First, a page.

Tuesday last we walked along Rabat's Mohammed V (every Moroccan city has one!), took our ease in the shade of a café across from the parliament building, and bought dried apricots at the Marché Central just before heading into the Medina for lunch. Hazel and I were visiting friends from the States who are in Rabat for a couple months (both of them Arabists, in one sense or another), a good excuse to take one last trip before leaving Morocco.
Rabat is the capital; you feel it immediately -- it's a city, where Marrakech is (at its worst) a dust-bound yet sparkly watering hole for tourists. Rabat (to me) is a cross between Fez and Essaouira. Fez because of the bustling size, the official government buildings, the boulevards (and a felt European presence), Essaouira because of the Atlantic -- the fresh air despite the heat, the white walls, the bright light of by-the-sea.
Where Rabat's intellectuals are said to chill, the café at Hotel Balima...
...which sits across Mohammed V from the Moroccan parliament.
Our friends speak Arabic (one of them also Darija), so Ken asked a passerby about this building that looked as if it might be right at home in San Francisco's posh Pacific Heights. The guy said, "Oh, it's a building of some sort" -- or something about as helpful. Without a guidebook in hand I don't know for sure-- but the architecture of this section of town looked very 1920s. Which makes sense. It was chosen by the presiding French mucky-muck, General Lyautey, as the seat of the French Protectorate presence in Morocco, circa 1912.
Hazel, ever happy in the grass.
And then telling me what she'd like from the spice and nut shop.
Heading out of the Medina after lunch (really good roast chicken and french fries, watermelon for dessert and not too sweet mint tea), we passed this offering of water -- a tall terra cotta urn sitting in a shallow plastic tub of water, covered with a metal plate on which sat a metal cup for drinking -- right in the middle of what's also called Avenue Mohammed V, even in the Medina. I've never seen this before.
Across from the parliament a group was gathered, protesting -- a loyal opposition, Moroccan flags fluttering all around them. Ken again played translator (read the sign) and said the group was Berber, asking for rights of some sort, asking to be recognized. That's the gist of it anyway.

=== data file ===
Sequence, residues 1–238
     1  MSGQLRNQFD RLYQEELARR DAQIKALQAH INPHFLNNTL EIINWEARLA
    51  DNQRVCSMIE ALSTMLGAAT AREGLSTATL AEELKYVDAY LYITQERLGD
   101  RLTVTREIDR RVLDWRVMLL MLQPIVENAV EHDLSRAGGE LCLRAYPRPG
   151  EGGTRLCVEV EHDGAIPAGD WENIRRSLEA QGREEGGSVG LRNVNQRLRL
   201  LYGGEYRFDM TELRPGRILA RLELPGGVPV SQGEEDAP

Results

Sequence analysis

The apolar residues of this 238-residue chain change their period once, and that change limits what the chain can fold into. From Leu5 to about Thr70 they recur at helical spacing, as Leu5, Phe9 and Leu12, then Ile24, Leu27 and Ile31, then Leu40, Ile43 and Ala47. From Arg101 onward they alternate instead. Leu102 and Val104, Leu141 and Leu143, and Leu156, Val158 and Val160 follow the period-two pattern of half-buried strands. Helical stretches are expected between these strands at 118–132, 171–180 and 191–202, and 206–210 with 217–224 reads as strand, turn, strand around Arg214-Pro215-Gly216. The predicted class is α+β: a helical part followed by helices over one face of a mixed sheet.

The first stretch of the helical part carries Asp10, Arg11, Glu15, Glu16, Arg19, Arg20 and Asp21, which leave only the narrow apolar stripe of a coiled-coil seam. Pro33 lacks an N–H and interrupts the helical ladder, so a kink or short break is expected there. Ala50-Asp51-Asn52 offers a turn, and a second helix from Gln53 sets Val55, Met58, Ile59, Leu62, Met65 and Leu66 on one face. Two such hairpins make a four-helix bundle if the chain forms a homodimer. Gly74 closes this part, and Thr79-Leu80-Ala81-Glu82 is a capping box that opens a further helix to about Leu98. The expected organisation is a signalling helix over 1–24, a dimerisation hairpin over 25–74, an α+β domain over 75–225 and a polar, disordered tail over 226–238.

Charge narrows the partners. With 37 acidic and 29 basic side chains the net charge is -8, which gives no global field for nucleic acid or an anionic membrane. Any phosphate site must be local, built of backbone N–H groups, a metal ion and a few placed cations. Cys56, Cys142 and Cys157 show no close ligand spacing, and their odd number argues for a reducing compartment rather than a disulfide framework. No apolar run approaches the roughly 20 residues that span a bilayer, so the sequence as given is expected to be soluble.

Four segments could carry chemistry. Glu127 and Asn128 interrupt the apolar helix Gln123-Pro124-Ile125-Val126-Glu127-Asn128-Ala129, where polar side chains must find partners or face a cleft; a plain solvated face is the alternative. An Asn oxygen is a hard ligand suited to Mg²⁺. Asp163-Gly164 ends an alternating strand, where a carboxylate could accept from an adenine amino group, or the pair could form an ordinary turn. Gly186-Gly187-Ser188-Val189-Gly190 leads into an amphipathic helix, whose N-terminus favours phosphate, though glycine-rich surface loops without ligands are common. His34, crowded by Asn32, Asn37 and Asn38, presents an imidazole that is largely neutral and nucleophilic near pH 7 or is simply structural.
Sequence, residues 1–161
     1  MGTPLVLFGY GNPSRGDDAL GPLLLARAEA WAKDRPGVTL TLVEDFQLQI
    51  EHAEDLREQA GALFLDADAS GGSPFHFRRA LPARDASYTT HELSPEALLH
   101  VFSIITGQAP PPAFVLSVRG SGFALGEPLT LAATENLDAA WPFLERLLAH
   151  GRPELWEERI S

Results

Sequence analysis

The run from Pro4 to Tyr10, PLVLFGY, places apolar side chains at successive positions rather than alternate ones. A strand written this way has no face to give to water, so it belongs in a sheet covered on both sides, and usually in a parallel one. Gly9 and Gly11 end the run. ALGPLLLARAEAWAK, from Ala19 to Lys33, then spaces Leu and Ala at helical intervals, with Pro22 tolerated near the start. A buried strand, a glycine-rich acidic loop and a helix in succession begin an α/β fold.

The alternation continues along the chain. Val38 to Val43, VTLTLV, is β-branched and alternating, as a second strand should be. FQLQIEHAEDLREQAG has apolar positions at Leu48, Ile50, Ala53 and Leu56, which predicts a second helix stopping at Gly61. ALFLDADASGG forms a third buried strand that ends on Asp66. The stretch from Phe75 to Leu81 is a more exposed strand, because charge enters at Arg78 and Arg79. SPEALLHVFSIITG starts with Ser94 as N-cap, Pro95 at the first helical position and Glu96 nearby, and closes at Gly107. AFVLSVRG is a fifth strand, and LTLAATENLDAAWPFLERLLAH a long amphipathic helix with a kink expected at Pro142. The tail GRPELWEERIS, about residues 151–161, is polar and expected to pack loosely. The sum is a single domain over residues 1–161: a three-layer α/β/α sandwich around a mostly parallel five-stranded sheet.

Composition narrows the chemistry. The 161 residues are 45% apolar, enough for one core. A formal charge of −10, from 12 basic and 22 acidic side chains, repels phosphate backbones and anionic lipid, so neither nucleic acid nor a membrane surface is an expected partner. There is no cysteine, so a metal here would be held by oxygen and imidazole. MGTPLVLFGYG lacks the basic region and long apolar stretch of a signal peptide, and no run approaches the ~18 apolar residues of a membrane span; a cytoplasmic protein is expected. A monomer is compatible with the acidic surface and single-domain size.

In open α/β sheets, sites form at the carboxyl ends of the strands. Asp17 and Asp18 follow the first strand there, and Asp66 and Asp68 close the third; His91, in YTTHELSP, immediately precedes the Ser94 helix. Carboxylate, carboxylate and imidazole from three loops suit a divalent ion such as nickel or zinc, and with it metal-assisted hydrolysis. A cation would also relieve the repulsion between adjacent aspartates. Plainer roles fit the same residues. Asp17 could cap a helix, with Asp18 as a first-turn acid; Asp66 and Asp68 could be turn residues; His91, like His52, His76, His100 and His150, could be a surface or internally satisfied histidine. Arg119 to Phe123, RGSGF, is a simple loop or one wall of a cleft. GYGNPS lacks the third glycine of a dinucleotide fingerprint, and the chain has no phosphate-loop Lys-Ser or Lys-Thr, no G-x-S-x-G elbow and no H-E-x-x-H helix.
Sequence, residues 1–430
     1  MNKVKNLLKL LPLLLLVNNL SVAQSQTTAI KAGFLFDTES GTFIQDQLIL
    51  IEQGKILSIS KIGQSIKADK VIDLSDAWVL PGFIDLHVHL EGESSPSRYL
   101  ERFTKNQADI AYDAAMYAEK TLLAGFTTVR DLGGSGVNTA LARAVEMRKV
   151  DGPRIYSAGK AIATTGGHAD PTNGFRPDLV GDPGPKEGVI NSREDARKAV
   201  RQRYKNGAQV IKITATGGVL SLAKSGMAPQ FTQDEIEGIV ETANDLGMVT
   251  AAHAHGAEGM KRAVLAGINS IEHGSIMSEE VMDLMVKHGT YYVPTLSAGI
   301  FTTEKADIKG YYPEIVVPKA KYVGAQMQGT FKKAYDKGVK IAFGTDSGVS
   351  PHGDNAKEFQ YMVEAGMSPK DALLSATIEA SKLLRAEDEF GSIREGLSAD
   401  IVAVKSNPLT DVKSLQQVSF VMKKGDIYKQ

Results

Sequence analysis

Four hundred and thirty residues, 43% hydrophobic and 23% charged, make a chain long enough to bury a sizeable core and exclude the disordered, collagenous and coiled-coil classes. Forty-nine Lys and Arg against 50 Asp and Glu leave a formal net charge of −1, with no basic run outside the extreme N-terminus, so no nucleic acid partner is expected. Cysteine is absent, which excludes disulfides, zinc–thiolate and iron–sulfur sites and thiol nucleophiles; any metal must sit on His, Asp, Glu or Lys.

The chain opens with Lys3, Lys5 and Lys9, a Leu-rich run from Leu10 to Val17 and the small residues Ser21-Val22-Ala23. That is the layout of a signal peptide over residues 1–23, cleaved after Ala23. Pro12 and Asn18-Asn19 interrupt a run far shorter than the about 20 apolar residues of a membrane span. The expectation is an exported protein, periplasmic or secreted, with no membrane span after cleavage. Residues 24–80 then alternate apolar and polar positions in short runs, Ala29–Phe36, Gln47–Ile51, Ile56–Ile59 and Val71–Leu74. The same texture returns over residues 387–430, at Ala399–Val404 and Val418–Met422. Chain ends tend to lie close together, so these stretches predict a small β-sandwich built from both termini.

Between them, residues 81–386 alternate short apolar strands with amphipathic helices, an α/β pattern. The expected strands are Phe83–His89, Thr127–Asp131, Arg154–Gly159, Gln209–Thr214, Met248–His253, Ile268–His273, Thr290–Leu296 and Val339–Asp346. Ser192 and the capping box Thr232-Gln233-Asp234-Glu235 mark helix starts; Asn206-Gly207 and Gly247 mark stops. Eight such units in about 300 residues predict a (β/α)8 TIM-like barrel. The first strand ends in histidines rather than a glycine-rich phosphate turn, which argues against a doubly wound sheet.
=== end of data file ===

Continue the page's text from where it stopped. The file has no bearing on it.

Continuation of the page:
Next morning Hazel and I set off to the Chellah, site of both an ancient Roman city, Sala Colonia, and the Merenid necropolis of Chellah (14th century). The fortified site is just across a flower-filled meadow from the old city walls of Rabat. The original settlers of these grassy hills above the Oued Bou Regreg were Phoenicians; the Romans arrived in AD 40 (with thanks to Lonely Planet). City walls at left, crenelated tower of the Chellah just visible at right.
Now we are inside the walls, looking up before heading down the hill.
Hazel pauses on the way down, stork nest-topped minaret of the Merenid mosque and medrasa in the distance.
In the trees all around us a chorus of storks (and egrets I think too) yackety-yacked. The Berber term for stork is "lak-lak" -- an onomatopoeic name for sure.
Facing a span of perhaps 1300 years of architecture, Roman ruins in the foreground.
Just the bottom half of what looks like a lovely draped figure. I wish I could provide an informed caption, but this is it -- half a Roman, baking in the everlasting sun.
Another section of Latin text I need someone to translate -- Katherine!? Kate?! Sam?! Ellie?!
Now into the mosque complex (Roman ruins to the left in this image), almost through the arch of the mosque's entry. Archaeologists say that these walls in all likelihood were built on top of existing Roman walls.
Hazel pauses on the threshold.
Looking back the way we came in, entrance from the inside.
And up to the roof of the sky, inside what was once the mosque.
Ken speculates this was the mihrab (niche which faces Mecca) from which the imam would have spoken.
Margaret says the learned would have gathered scholars around them beneath these pillars -- as the mosque included a medrasa, or school for Koranic study (with residential students).
And here is what they're looking at: more storks on nests.
Hazel inspects the ground beneath her feet.
Mausoleum of the Black Sultan, Abou el-Hassan, last Merenid ruler to be buried here, 1351. --
Detail of the zellij tilework surrounding the mausoleum.
And a view from the mausoleum's backside.
What originally had been the ablutions pool for the mosque is now a home to eels -- women (are said to) offer cooked eggs to the eels as a cure for infertility, or just in hopes. Potent combination of the Islamic and the pre-Islamic.
Said eels -- one anyway.
Five small saints' tombs dot the hillside above the eel pool, tended by an elderly gentlemen who also feeds the cats. He told Ken that in the old days people would come to pay homage to the saints -- the old people have died, no one comes anymore.
One last look back as we head up the hill -- another stork wings by.
View of the entrance (as we walk away) -- scaffolding piled up for a jazz concert to be held on the Chellah's grounds -- devotees flock here now for other reasons.